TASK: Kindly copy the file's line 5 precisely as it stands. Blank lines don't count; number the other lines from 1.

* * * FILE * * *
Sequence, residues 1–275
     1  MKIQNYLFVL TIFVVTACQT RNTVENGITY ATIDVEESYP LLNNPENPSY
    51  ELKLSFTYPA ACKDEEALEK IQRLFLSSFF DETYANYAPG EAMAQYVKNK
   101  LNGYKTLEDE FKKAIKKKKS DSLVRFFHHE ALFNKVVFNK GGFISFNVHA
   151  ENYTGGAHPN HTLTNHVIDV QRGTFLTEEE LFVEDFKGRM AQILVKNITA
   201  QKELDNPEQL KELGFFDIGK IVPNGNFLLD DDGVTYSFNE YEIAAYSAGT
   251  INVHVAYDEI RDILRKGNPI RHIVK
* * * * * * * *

   151  ENYTGGAHPN HTLTNHVIDV QRGTFLTEEE LFVEDFKGRM AQILVKNITA